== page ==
Monday, November 22, 2004

Of Nazis, Novaks and the First Amendment

Sometimes First Amendment rights can be difficult to defend, says Martin Fishgold, president of the International Labor Communications Association. "It is difficult to defend the First Amendment rights in the Valerie Plame case of syndicated columnist Robert Novak and New York Times Reporter Judith Miller, both of whom have been used over and over again by the Bush Administration to sell unpopular policies, against all ethical journalistic practices," Fishgold writes.

Nevertheless, he says, defending First Amendment rights must be an absolute. "If you open the door for interpretation, you open the door for abuse of the privilege. From my point of view, one must allow the Nazis and the Novaks to slip in under the coverage if one wants to defend First Amendment rights."

Federal shield law unlikely, says LA Times columnist

Reporters in the United States are under siege, says Los Angeles Times media columnist David Shaw. But while some are calling for Congress to enact a federal shield law, "a Republican-dominated Congress seems unlikely to do that," Shaw says, "especially at a time when public hostility toward the media makes it unlikely that the media will be able to rally much support for such legislation."

Sunday, November 21, 2004

Sen. Dodd introduces federal shield law

Sen. Christopher Dodd (D-Conn.) Friday introduced a federal shield law that would provide an "absolute protection" for reporters' confidential sources. The "Free Speech Protection Act of 2004" protects against compelled disclosure for sources, regardless of whether the source was promised confidentiality, Dodd said.

An editorial in today's Springfield Republican endorsed the measure:
"The notion of protecting the press is neither liberal nor conservative, neither Democratic nor Republican. Through a functioning free press, the public is provided a window onto the workings of the government - at all levels. To impede the work of the free press is to block the flow of information to the people."

Friday, November 19, 2004

Assault on freedom of the press

That is what Lou Dobbs called it last night, as he discussed the contempt convictions of Rhode Island television reporter Jim Taricani and New York Times reporter Judith Miller last night with Miller, First Amendment lawyer Floyd Abrams and U.S. News & World Report Editor Mort Zuckerman.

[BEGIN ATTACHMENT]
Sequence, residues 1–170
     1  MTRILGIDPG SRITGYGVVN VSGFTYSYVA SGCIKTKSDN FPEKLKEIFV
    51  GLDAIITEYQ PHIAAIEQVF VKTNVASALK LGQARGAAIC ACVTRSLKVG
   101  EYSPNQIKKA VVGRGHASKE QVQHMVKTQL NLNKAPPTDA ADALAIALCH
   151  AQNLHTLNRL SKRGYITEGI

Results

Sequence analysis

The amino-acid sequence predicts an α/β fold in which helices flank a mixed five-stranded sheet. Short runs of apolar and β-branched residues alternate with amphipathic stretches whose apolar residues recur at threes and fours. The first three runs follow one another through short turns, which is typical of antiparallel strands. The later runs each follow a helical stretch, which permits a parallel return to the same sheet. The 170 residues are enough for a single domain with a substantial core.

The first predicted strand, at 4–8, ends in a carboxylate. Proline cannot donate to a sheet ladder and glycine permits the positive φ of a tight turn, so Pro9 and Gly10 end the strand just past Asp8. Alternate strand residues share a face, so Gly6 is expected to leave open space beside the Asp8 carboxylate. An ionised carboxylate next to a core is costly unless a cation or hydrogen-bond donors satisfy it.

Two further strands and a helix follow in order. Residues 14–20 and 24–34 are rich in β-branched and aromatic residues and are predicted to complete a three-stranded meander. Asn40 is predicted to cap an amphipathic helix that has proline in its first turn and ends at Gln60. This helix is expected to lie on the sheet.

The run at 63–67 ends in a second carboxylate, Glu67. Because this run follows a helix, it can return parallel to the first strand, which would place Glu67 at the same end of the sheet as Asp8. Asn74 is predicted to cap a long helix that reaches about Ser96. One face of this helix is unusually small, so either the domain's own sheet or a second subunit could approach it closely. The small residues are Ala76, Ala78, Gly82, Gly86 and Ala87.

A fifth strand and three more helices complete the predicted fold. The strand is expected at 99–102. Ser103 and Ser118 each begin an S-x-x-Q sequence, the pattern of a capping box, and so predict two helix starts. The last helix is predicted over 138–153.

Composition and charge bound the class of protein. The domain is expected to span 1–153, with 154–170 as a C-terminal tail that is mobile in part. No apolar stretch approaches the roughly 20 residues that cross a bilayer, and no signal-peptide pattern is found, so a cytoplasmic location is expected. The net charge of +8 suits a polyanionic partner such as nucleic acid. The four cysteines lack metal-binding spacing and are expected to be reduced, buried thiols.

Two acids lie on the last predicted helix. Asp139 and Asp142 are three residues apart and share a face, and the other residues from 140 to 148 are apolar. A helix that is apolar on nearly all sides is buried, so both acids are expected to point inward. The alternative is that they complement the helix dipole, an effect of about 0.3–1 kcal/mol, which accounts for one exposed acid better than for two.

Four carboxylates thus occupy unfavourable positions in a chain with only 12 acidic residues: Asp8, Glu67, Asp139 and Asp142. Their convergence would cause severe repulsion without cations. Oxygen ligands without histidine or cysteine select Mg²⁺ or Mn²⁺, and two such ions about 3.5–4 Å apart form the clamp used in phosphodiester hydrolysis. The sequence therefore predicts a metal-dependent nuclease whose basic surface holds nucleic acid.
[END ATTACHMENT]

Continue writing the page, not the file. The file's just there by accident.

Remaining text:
Sen. Dodd expected to introduce federal shield law

Sen. Christopher Dodd (D-Conn.) is expected to introduce a bill in Congress soon calling for a federal shield law, Editor & Publisher's Joe Strupp reports. Currently, 31 states and the District of Columbia have shield laws, which protect reporters from revealing confidential sources.
"I'm told that something is going to be introduced by Sen. Dodd this week," said George Freeman, an attorney for The New York Times, who has been overseeing that paper's response to several subpoenas, including those seeking phone records and source information from reporter Judith Miller. "I understand [Dodd's bill] is quite good from a substantive point of view -- absolute protection for confidential sources."

Thursday, November 18, 2004

Reporter guilty of contempt for refusing to reveal source

In Providence, R.I., today, U.S. District Chief Judge Ernest C. Torres found investigative reporter Jim Taricani in criminal contempt for refusing to reveal the source of an undercover videotape that aired on his television station, the Providence Journal reports. The judge scheduled sentencing for Dec. 9. Taricani faces up to six months in prison.

Wednesday, November 17, 2004

Former vonBulow prosecutor pursues reporter's source

On the eve of TV reporter Jim Taricani's contempt trial for refusing to say who gave him a copy of a secret FBI videotape, the Providence Journal profiles Marc Desisto, the special prosecutor assigned to identify the source of the leaked tape.

ProJo wins legal fees in public records suit

A Rhode Island Superior Court judge ordered the Town of North Kingstown to repay The Providence Journal the cost of attorney fees the newspaper spent on a lawsuit to obtain public information withheld by the town Police Department, the newspaper reports. But the judge denied the newspaper's request that the town pay a $1,000 fine, saying there was no evidence presented that town officials willfully violated the state's Access to Public Records Act.

NBC News president calls for federal shield law

Writing in the Wall Street Journal, NBC News President Neal Shapiro calls on Congress to enact a federal reporter shield law.
Unfortunately, there is no federal statute that supports the rights of journalists to protect confidential sources. The law provides confidentiality for psychotherapists, lawyers and doctors. It is high time journalists were added to the list. If sources can't be assured of confidentiality, they will be reluctant to come forward to the press. And if they don't confide in the press, wrongdoing could remain undisclosed. The majority of states have reporter shield laws on the books. We need the same on the federal level.

Tuesday, November 16, 2004

New Jersey plan to seal data runs afoul of health groups

A plan to shield New Jersey government records from the eyes of terrorists is drawing objections from environmental and public health advocates, who say it also would keep workers and residents in the dark about potential exposure to hazardous materials, the Star-Ledger reports. The proposed regulations, designed to clarify anti-terror limits on the state's Open Public Records Act, prohibit agencies from releasing any plans that detail a building's inner workings.